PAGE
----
Heroic firefighters were recently honored during Cleveland Fire Department’s annual banquet while attendees also received updates on the organization’s operations and status.
Calls for service continue to increase and Fire Chief Steve Haun said recently that as the community grows, the fire department is one that is or can be dispatched to virtually any type of emergency.
A number of CFD firefighters have now gone through swiftwater rescue training.
“There are all types of emergencies we go to because of an action taken by one or more of our personnel, a life is saved — whether it’s a fire, medical or technical call,” Haun said.
Torrential rains caused localized flooding in creeks and roadways during the July 4 holiday.
Along the Greenway, waters of Mouse Creek were swift and according to Haun, an inviting adventure for two people.
“It seems two people decided to ride floats down the flooded creek for entertainment. Upon our arrival, two city police officers had attempted to rescue one of the victims,” Haun said.
The officer’s lives were also in danger of being swept away in the raging creek.
A group of CFD firefighters set up a swiftwater team and made the rescue.
“It took everyone there to make this rescue a success,” Haun explained.
CFD firefighters Dennis Duggins, Josh Ensley, Buddy Ford, Tim Hogg, Jeremy Kelly, Josh Lavigne, Tim McCullen, Jason Pennell and Jerry Vandergriff made up the team.
Pennell and Hogg were also honored with first-time Medal of Valor awards for their efforts during the rescue of the two men.
Hogg was also selected by his peers and battalion chiefs as “Firefighter of the Year.”
According to Haun, Station One located on South Ocoee Street responds to one-third of the calls in the city.
Since January, 2,330 calls for service have been answered.
CFD firefighters saved and estimated $44,195,910 in property. A major fire which recently destroyed a polymer materials manufacturing facility caused the estimated fire loss figure to climb to over $2 million this year.
Polymer Components, which was located just off 20th Street south, was consumed by fire within minutes after it was reported.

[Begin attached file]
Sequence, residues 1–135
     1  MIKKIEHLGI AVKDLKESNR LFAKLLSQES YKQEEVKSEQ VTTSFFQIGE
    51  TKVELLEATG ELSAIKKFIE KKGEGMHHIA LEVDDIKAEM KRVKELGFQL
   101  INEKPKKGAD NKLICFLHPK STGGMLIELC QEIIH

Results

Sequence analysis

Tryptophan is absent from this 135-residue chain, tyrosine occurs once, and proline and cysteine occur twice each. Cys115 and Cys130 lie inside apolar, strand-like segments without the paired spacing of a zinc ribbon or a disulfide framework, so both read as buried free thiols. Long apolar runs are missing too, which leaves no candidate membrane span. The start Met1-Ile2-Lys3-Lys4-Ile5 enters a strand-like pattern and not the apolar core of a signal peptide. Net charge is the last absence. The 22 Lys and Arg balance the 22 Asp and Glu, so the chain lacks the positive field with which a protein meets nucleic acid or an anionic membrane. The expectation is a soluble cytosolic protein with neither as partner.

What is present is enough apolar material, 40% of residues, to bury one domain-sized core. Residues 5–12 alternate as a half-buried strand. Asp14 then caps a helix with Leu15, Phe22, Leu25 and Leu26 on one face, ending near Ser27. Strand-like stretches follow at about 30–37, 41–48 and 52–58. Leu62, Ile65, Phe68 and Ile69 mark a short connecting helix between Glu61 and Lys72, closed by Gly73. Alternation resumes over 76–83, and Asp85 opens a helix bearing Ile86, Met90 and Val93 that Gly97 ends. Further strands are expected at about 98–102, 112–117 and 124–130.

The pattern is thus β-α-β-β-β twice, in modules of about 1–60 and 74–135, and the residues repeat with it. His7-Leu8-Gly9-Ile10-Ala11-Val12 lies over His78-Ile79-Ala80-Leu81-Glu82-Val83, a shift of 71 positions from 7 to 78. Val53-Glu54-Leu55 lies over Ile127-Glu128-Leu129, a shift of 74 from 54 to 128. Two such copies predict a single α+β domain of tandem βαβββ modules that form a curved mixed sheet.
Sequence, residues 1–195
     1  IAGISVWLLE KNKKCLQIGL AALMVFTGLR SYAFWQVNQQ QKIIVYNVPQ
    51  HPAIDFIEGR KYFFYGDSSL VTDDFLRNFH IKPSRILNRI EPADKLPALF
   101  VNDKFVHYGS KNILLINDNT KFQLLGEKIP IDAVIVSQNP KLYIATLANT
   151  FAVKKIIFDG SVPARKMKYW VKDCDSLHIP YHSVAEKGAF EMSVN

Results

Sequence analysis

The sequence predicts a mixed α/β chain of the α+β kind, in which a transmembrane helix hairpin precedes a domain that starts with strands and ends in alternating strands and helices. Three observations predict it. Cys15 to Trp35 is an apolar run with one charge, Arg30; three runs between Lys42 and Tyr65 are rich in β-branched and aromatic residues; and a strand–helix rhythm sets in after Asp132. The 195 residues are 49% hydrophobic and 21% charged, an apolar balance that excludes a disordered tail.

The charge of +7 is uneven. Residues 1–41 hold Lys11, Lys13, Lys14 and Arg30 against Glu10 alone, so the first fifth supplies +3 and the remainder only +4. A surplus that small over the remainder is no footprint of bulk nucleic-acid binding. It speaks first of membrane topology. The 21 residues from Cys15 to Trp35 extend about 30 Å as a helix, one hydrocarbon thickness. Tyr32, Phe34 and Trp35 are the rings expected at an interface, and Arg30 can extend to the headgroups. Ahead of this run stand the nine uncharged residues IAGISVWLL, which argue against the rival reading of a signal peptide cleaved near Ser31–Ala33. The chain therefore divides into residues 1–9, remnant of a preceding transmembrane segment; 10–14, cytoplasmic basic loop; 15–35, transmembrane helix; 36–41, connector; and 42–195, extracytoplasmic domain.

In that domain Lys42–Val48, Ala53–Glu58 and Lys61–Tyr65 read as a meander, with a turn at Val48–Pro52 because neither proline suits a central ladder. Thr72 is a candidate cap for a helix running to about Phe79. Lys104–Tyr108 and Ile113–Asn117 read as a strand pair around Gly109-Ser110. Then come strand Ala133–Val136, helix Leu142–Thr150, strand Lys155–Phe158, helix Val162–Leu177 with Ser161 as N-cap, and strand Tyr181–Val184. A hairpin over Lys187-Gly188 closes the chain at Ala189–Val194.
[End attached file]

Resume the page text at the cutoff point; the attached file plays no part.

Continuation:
Several explosions inside the large plant were believed to have aided in fueling the fire which damaged fire apparatus.
No injuries were reported and training of the firefighters came to the forefront in prevention of injuries and assessing the needs of firefighters and resources.
A 39-year veteran will be retiring in December. Steve Clayton began his fire service just after graduating high school.
Clayton has been in charge of what CFD officials tagged the “snorkel” truck.
Haun said Clayton took care of the equipment, and many days could be found polishing the big red, American LaFrance aerial fire attack truck, as well as other pieces of apparatus.
The department honored Clayton by presenting him with the plaque from the snorkel.
Haun presented 16-year veteran Lt. Pete Van Dusen with the “Chief’s Award.”
Haun laughingly told the audience that VanDusen placed seven new firefighters into training for 15 weeks.
“I was privileged to sit and listen to his teaching and he continues to impress me as a person and an officer,” Haun said.
“He took the lead in the day-to-day teaching and also helps in organizing in other areas of daily training,” Haun added regarding VanDusen.
Haun also cited some history of CFD throughout its 118 years as an organized department of the city of Cleveland.
“A study of the old minute books discloses the fact that for many years, Cleveland volunteer firefighters had no official recognition and consisted only of interested citizens who volunteered their services for fighting fires as best they could. The only equipment they had was buckets and quilts,” Haun said.
Ben Achata, Michael Glasgow, Nathan Kuzdzal, Trent Nunnelly, Eric Otis, Cody Vaughn and Alan St. Clair were added to the rolls of CFD and began their careers recently.
“We look forward to their future,” Haun said.
Lt. Craig Foote recognized Zach Reagan with the William Ragsdale Award.
“This award is to a person that has participated in most, if not all, honor guard functions throughout the year … many on short notice, and performed above the normal operations of the honor guard,” Haun said.
Each battalion chief also selected a firefighter from their shifts that “did an outstanding job” throughout the year.
David Allison was chosen by Commander Buddy Smith and Capt. Donnie Sherlin for Battalion One’s award.
Sherlin filled in for Smith while he was on medical leave from the department, according to Haun.
Allison is known as “Mr. HazMat,” due to his extensive knowledge of the handling and prevention of emergencies involving hazardous materials.
Haun also commended firefighters who have taken special training in officer development, extrication, urban search and rescue as well as the swiftwater rescue and HazMat.
Josh Mowery has been fighting fires since 2008.
He was recognized by Battalion Two Commander Greg Hooper for the Battalion Chief’s Award.
Battalion Three Commander Bobby Gaylor presented nine-year veteran T.J. Smith with the Battalion Three distinction. Smith has also been heavily involved in getting CFD firefighters to aid with the Relay For Life activities and raising cancer awareness.
CFD firefighters take part in many community events during their off time.
After reflecting on the history of CFD, Haun said the department “continually strives to be the most professional and prepared department possible, through training, public education and prevention.
“We have always had a running joke … if you don’t know who to call, call the fire department,” Haun said.
“I am blessed with great chief officers to lead the daily operations and a prevention division that has the safety of our people in mind,” Haun said.
While the numbers and statistics, logistics and other elements of CFD increase, so does the training and education of firefighters and their quest to be the best.